The invention is embodied in a method of making a polymer-clad optical fiber that comprises a step of determining the delamination resistance of the polymer coating from the fiber. The delamination resistance can be determined for the purpose of quality control, but it can also be determined for the purpose of formulation of a new coating polymer. In the former case, the fiber will be referred to as "production" fiber, and in the latter case it will be referred to as "development" fiber.

More specifically, the method of making a coated optical fiber comprises providing an optical fiber preform, heating at least a portion of the preform, drawing uncoated optical fiber from the heated portion of the preform, and applying a polymer coating to the uncoated optical fiber.

Significantly, the method further comprises determining, subsequent to application of the polymer coating, the delamination resistance of the polymer coating of a portion of the coated optical fiber, and comparing the delamination resistance with a predetermined target value of delamination resistance. If indicated by the comparison, the application step can be changed such that subsequently made coated optical fiber has a delamination resistance that is closer to the target value than the previously determined delamination resistance. By way of example, the application step can be changed by altering the degree of cure of the polymer, or by altering the chemistry and/or the physical properties of the primary and/or secondary coating.

Coated optical fiber having delamination resistance outside a predetermined range will typically be rejected, but could be used in an application that has different delamination resistance requirements.

BRIEF DESCRIPTION OF THE DRAWINGS

FIGS. 1 and 2 schematically depict exemplary apparatus for determination of delamination resistance; and

FIG. 3 shows exemplary delamination data.

DETAILED DESCRIPTION

The method according to the invention comprises determination of the delamination resistance of polymer coated optical fiber, and we have developed apparatus that facilitates rapid and consistent determination of the delamination resistance.

The apparatus facilitates contacting the coated fiber with a member of predetermined shape, and urging the member against the coated fiber with a predetermined force for a predetermined length of time. After withdrawal of the member, delamination (if it has occurred) can be readily detected by, e.g., optical means.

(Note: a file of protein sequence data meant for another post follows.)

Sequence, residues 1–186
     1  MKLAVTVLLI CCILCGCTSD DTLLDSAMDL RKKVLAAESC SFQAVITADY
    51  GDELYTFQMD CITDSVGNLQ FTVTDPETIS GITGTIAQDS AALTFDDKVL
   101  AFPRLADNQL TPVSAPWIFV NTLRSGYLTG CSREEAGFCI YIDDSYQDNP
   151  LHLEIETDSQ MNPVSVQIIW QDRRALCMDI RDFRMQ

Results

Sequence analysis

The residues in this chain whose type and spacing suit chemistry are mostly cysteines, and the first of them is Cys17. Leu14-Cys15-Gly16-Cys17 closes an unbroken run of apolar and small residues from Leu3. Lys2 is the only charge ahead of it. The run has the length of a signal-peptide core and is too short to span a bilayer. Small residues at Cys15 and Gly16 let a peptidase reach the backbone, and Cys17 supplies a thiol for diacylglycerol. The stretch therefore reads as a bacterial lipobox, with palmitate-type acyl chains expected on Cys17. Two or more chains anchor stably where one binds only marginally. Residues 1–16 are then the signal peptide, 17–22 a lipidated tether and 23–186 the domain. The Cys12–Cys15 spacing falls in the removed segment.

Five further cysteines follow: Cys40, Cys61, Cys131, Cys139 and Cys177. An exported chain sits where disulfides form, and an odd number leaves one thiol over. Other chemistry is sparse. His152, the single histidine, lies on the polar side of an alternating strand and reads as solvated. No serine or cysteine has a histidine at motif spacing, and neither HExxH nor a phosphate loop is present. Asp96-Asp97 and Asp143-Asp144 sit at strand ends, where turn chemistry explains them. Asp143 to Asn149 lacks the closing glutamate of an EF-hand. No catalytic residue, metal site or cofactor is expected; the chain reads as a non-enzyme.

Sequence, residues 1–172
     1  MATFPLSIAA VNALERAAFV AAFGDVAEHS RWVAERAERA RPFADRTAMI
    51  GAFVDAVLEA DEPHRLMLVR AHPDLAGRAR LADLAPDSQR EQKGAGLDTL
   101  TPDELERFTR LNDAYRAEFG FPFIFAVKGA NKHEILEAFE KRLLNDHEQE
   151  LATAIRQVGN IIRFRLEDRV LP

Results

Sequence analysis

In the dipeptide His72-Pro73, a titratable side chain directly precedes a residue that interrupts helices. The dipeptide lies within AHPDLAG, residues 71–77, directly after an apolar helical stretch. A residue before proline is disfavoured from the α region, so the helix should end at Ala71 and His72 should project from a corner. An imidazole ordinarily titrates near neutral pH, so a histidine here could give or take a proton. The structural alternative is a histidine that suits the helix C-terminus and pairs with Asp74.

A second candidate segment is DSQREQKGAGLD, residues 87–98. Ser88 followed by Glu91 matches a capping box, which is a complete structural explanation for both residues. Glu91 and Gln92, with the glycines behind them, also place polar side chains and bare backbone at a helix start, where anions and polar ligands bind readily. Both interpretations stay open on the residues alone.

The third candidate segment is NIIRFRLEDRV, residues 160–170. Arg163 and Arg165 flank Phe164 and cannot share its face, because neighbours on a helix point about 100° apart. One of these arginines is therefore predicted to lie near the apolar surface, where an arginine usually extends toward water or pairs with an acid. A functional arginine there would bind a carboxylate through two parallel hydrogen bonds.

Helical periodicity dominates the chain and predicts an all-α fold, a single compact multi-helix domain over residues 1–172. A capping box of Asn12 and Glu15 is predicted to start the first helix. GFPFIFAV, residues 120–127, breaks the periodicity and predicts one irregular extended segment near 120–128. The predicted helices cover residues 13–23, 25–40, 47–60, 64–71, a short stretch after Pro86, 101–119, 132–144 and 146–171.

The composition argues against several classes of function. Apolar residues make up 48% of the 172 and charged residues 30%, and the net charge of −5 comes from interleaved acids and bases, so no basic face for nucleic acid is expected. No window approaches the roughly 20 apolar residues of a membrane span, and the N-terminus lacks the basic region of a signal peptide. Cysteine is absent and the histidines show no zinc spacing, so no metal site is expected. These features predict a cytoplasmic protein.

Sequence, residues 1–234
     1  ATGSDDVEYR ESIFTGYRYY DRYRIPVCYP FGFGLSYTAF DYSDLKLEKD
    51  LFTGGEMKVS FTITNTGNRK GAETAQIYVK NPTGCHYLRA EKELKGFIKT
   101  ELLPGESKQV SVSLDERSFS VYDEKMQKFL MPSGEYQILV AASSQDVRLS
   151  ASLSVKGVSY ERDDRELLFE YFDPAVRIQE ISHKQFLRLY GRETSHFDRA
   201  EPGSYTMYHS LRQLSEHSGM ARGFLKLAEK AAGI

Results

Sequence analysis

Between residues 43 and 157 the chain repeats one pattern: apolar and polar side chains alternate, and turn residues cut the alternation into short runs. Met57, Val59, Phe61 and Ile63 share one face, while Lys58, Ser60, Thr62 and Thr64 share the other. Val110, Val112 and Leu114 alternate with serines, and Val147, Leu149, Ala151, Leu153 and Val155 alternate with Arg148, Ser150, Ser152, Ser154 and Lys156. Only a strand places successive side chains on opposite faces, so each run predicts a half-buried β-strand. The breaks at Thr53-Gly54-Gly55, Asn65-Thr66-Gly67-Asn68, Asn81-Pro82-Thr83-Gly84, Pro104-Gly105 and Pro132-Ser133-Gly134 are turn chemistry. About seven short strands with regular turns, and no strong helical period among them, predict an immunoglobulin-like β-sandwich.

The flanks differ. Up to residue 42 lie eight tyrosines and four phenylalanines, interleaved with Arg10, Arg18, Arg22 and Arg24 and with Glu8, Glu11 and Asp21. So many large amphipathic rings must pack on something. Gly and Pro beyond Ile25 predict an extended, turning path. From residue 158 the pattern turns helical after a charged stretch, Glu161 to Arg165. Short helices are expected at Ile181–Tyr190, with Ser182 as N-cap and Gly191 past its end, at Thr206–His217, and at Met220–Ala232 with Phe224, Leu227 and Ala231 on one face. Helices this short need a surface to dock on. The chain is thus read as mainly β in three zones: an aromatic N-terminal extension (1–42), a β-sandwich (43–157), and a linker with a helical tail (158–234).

To the best of our knowledge, the prior art does not disclose or suggest determination of the delamination resistance for quality control and/or coating development purposes, and also does not disclose or suggest apparatus for such determination. However, in view of the herein disclosed utility of knowing the delamination resistance of a coated fiber, it is likely that those skilled in the art will desire to determine delamination resistance, and for this purpose may develop apparatus that differs from the herein disclosed exemplary apparatus. Clearly, our invention does not depend on the apparatus and/or technique that are used to determine the delamination resistance, and use of other such apparatus and/or techniques in the practice of the invention is contemplated.

FIG. 1 schematically depicts apparatus 10 for delamination resistance measurement. Coated optical fiber 11 is supported by cylindrical support member 12 (exemplarily a 5 cm diameter aluminum cylinder with or without a shallow circumferential fiber-guiding groove). A tensile force can be applied to the fiber by conventional means. Member 13 (e.g., a 6 mm long steel cylinder of 6 mm diameter) is attached to free floating plate 15, oriented such that the axis of member 13 is at right angle to the fiber axis. Plate 15 loosely fits into a passage through capture plate 14. A conventional motor drive 19 lowers or raises the capture plate, exemplarily under computer control. Plate 15 also comprises a shoulder 16 that comes to rest on capture plate 14 when the plate is raised, and a load-retaining rod 17. Weight 18 serves to urge member 13 against the coated fiber with known load.

FIG. 1 shows apparatus 10 in rest position, with member 13 raised off the fiber. In order to make a measurement, motor drive 19 is caused to lower capture plate 14 at a predetermined speed (e.g., 10 cm/minute) beyond the position of contact between member 13 and fiber 11. When contact is established, shoulder 16 of free floating plate 15 is raised off capture plate 14, and member 13 is urged against the coated fiber with known force due to weight 18. After a predetermined time (e.g., 5 seconds), the motor drive is caused to raise capture plate 14, thereby withdrawing member 13 from the fiber. After moving the fiber relative to apparatus 10 (e.g., by 3 mm longitudinally), further measurements can be made.

It will be understood that the apparatus of FIG. 1 is exemplary only, and that other configurations are possible. For instance, FIG. 2 schematically shows apparatus wherein the optical fiber 11 is secured to a flat specimen holder 21 (e.g., a glass plate), which rests on support means 22. Member 13 and/or support member 12 can have a shape other than cylindrical. Their shape generally will affect the delamination response of the coated fiber.